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Military Aircraft Crashes Near Fort Worth, Injuring 2 Pilots

Caution tape, a parachute and other debris lie in a grassy area behind a brick building.
Amanda McCoy
/
Star-Telegram via AP
A parachute and other items remain outside an Ole Donut where one pilot landed after ejecting from a military training jet before it crashed Sunday, Sept. 19, 2021, in Lake Worth. The two pilots were injured and three homes were damaged, but no one on the ground was seriously hurt.

A military training aircraft crashed in a backyard of a Lake Worth neighborhood on Sunday morning. Authorities say two pilots were injured, but residents were safe.

No deaths have been reported. One pilot has been released from the hospital. The other pilot is in critical condition and will remain at Parkland Hospital.

Lake Worth Police Chief J.T. Manoushagian said the call for the downed training jet, in a backyard between the 4000 block of Tejas and Dakota, came in just before 11 a.m. on Sunday.

Police responded and found the pilots had ejected from the plane. One was caught in some power lines, and the other was found nearby.

The crash damaged three houses. Lake Worth Fire Chief Ryan Arthur said it was lucky the plane crashed in a backyard and not into a home.

"This incident could have been much worse, knowing that this plane went down in a residential area," Arthur said.

Lake Worth officials have prepared for a day like this. The plane went down just north of the Naval Air Station Joint Reserve Base in Fort Worth, in one of the base's identified "accident potential zones."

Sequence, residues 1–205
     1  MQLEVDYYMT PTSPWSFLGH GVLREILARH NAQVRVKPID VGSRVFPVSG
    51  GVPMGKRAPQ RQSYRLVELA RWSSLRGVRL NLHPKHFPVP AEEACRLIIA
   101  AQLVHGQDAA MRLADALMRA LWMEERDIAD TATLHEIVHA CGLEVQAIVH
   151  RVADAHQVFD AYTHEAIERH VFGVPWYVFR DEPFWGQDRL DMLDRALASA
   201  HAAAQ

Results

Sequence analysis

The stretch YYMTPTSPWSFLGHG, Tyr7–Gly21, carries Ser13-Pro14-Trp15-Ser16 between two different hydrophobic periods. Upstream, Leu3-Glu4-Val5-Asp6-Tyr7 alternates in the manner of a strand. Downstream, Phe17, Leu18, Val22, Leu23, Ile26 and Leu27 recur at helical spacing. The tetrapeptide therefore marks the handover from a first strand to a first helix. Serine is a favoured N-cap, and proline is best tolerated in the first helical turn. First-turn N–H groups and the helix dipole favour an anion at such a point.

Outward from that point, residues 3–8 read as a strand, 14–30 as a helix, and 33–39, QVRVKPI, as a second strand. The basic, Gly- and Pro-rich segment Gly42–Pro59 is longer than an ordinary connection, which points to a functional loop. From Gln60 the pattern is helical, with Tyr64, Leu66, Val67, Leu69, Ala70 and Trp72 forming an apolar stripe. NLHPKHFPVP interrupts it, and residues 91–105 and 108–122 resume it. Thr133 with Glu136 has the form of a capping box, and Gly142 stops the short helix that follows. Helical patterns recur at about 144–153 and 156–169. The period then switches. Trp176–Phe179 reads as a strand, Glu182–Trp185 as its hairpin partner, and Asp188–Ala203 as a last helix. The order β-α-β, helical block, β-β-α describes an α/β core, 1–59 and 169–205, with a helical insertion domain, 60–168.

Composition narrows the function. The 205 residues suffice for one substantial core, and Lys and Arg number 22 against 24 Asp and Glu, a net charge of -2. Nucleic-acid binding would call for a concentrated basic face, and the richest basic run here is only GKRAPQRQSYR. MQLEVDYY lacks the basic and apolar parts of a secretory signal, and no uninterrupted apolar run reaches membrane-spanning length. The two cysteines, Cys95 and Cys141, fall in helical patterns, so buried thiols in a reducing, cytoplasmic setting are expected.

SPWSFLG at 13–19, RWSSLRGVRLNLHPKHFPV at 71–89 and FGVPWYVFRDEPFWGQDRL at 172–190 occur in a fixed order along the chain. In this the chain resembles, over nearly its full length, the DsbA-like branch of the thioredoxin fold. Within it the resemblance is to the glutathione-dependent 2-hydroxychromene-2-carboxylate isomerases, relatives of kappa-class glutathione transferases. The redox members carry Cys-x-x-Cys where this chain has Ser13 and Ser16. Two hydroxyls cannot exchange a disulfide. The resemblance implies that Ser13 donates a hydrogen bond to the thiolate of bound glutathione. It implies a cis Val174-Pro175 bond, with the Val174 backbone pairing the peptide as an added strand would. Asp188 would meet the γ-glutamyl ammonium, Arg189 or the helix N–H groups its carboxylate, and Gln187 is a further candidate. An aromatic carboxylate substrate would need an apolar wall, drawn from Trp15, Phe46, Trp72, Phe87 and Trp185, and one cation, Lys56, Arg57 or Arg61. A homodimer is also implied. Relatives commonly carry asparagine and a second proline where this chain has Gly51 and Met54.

Fire Chief Arthur said they run drills for these types of crashes regularly, although he has not seen one happen.

"Through our Office of Emergency Management, that is one of our highest priorities," he said. "Other cities in Texas, it could be natural disasters such as tornadoes and even ice storms, but for us, it is a downed military aircraft."

The Chief of Naval Air Training announced on Twitter that the plane was a Navy T-45C Goshawk jet trainer aircraft, assigned to Naval Air Station in Kingsville, Texas. One pilot was an instructor, and the other was a student naval aviator. They were taking a routine training flight that originated from Corpus Christi International Airport.

Manoushagian asked the public not to touch any debris they find, but to call the non-emergency number at (817) 237-1224. Federal officials will collect and catalog the debris and use it to figure out what happened, he said.

This is a breaking story that will be updated.

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Got a tip? Email Miranda Suarez at msuarez@kera.org. You can follow Miranda on Twitter @MirandaRSuarez.